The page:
. . .

    WFH: Does the question arise, Sir?

    . . .

    SKB: My question points out the apprehension o the backward classes that

    history might be tampered. I was going to point out how they have begun to

    [distort history].27

    Much was also made then o the act that Sarkar could not read the Modi script in

    which old Marathi documents were written. Sardar G. N. Mujumdar, a Maratha

    member o the Legislative Council, asked: Is it not a act that Sir Jadunath Sarkar

    27. Bombay Legislative Council Proceedings, Questions and Answers, March 13, 1930,

    1320 21.

  • 8/8/2019 Chakrabarty storia


    Public Culture

    1 5 4

    and Proessor Rawlinson [the recently retired principal o the Poona Fergusson

    College] do not know the Modi script?28 Bole intervened in the council debatesagain to ask whether the government was aware that much discontent is elt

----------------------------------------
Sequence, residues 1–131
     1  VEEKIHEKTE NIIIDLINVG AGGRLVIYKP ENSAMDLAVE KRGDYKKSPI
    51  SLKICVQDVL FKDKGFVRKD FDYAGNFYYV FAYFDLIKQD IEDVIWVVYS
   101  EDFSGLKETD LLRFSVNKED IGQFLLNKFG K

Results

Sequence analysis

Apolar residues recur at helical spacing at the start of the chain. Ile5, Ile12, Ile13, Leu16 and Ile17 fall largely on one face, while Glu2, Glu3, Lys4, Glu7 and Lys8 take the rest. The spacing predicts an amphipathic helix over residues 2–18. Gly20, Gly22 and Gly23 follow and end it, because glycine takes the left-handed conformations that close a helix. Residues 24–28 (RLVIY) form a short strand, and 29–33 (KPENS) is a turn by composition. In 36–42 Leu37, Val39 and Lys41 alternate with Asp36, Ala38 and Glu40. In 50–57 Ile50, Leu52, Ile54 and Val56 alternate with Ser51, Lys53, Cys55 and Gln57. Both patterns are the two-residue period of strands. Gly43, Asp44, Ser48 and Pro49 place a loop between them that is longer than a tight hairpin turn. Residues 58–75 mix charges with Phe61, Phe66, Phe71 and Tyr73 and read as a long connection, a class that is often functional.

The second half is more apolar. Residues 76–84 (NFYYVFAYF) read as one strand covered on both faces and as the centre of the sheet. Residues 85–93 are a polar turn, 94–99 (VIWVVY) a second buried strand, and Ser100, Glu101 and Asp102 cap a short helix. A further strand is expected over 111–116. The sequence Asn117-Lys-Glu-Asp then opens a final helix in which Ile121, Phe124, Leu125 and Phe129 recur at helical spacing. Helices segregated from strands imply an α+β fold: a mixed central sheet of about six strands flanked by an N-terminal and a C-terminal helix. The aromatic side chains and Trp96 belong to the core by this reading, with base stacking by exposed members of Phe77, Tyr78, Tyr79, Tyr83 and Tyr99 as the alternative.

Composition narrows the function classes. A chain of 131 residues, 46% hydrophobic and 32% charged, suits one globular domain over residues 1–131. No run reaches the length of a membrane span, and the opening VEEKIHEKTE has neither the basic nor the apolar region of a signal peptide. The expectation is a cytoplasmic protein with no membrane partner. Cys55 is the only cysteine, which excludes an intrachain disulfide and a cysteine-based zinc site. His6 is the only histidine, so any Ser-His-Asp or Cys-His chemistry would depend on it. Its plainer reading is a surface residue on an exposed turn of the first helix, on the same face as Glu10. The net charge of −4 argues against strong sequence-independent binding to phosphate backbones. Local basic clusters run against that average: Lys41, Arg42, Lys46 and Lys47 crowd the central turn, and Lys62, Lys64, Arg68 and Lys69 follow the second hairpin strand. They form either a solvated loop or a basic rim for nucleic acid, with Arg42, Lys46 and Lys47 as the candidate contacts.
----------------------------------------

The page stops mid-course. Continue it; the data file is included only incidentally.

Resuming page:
among the non-Brahman communities because no trained [non-Brahman] man,

    although available, was taken [by] Datar to protect their [the non-Brahmans]

    own interests in their history and that they have shown their distrust in the per-

    sonnel appointed.29 A book published by Shri Shiva Karyalaya in Poona in 1931,

    English Records on Shivaji, edited by a D. V. Kale, was ull o complaints about

    Sarkar. Here is a typical example: There is a good deal o rst-class material

    published in Marathi. . . . Sir Jadunath has used not more than hal a dozen let-

    ters rom Marathi and he claims that though based as it is on English and Persian

    records his biography o Shivaji so ar as existing material goes is denitive.

    This claim is antastic even or Sir Jadumaths sel-complacency. First-class his-